Security threatening economic growth prospect, says Adedipe
Gross Domestic Product (GDP) has lagged behind the population growth rate, which averaged 2.58 per cent in the past decade, in the last three years.
With the International Monetary Fund (IMF) and the National Bureau of Statistics (NBS) putting this year’s growth estimate at 2.5 and three per cent respectively, Adedipe said the economy could level up with population growth in 2021 if the security challenges are promptly addressed.
The economist, who spoke at the bi-monthly seminar of the Finance Correspondents Association of Nigeria (FICAN), said microfinance banks remained the most assured route to building a sustainable economy, but expressed concern at the lackluster performance of the sub-sector.
According to him, a major policy to unlock the huge potential of small businesses would reverse the scaring state of unemployment in the country.
On the performance of the banking sector, he said: “Nigerian banks have been very liquid in the last five years, especially in the last two years more than double the prescribed minimum liquidity ratio.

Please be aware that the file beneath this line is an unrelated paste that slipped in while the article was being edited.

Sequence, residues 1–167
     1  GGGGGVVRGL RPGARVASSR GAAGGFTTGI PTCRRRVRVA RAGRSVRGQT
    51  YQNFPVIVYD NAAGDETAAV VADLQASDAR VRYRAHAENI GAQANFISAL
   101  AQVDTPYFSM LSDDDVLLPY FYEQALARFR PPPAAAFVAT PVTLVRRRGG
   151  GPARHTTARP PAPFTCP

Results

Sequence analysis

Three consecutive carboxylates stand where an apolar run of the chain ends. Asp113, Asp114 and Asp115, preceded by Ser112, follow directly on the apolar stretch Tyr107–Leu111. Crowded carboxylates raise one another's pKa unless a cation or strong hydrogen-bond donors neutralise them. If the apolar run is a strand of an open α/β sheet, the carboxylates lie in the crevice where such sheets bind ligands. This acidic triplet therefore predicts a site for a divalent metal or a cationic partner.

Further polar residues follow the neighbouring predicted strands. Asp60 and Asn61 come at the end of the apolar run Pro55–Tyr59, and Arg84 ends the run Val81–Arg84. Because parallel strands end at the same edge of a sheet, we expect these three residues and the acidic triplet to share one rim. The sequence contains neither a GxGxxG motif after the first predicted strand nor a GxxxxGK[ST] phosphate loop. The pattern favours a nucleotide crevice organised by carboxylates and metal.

“With loan-to-deposit ratio averaging 70.4 per cent, the banks were below prescribed maximum; above this, they would be deemed to be overtrading. Therefore, the banks have room to expand lending. The challenge then is how the lending environment can be de-risked, especially lending to micro, small and medium enterprises (MSMEs),” he asked
Adedipe said Nigeria’s banking was second to Kenya in financial technology innovation but that it was poised to top the continent in the next few years following the current speed of growth.
He warned the players to brace up for the competition emerging from shadow banks, hence they become irrelevant.
“The world that our banks operated in a pre-COVID-19 pandemic is fast disappearing. That is why we ask – what needs to change for our banks to be ready for the post-COVID-19 world?” he asked, stressing that bankers need new thinking and collaboration to rescue the economy from doldrums.
He described socially responsible banking as one that responds to the country’s most pressing challenges – poverty, unemployment and insecurity.
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